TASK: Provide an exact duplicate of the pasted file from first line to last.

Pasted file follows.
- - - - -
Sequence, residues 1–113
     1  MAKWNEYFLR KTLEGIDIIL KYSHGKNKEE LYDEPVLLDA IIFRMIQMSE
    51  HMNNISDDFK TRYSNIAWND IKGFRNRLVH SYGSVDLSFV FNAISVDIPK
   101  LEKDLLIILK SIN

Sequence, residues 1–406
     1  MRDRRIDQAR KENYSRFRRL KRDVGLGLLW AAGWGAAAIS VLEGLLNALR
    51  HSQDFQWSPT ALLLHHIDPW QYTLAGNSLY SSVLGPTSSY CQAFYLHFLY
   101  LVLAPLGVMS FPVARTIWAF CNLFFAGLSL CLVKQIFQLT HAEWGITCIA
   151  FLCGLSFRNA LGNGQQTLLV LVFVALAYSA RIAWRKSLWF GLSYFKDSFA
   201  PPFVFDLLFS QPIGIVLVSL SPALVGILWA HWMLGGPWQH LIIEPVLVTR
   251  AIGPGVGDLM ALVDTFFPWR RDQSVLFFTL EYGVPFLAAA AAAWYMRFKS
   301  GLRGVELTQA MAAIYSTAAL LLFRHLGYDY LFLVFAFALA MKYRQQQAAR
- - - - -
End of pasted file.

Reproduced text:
Sequence, residues 1–113
     1  MAKWNEYFLR KTLEGIDIIL KYSHGKNKEE LYDEPVLLDA IIFRMIQMSE
    51  HMNNISDDFK TRYSNIAWND IKGFRNRLVH SYGSVDLSFV FNAISVDIPK
   101  LEKDLLIILK SIN

Sequence, residues 1–406
     1  MRDRRIDQAR KENYSRFRRL KRDVGLGLLW AAGWGAAAIS VLEGLLNALR
    51  HSQDFQWSPT ALLLHHIDPW QYTLAGNSLY SSVLGPTSSY CQAFYLHFLY
   101  LVLAPLGVMS FPVARTIWAF CNLFFAGLSL CLVKQIFQLT HAEWGITCIA
   151  FLCGLSFRNA LGNGQQTLLV LVFVALAYSA RIAWRKSLWF GLSYFKDSFA
   201  PPFVFDLLFS QPIGIVLVSL SPALVGILWA HWMLGGPWQH LIIEPVLVTR
   251  AIGPGVGDLM ALVDTFFPWR RDQSVLFFTL EYGVPFLAAA AAAWYMRFKS
   301  GLRGVELTQA MAAIYSTAAL LLFRHLGYDY LFLVFAFALA MKYRQQQAAR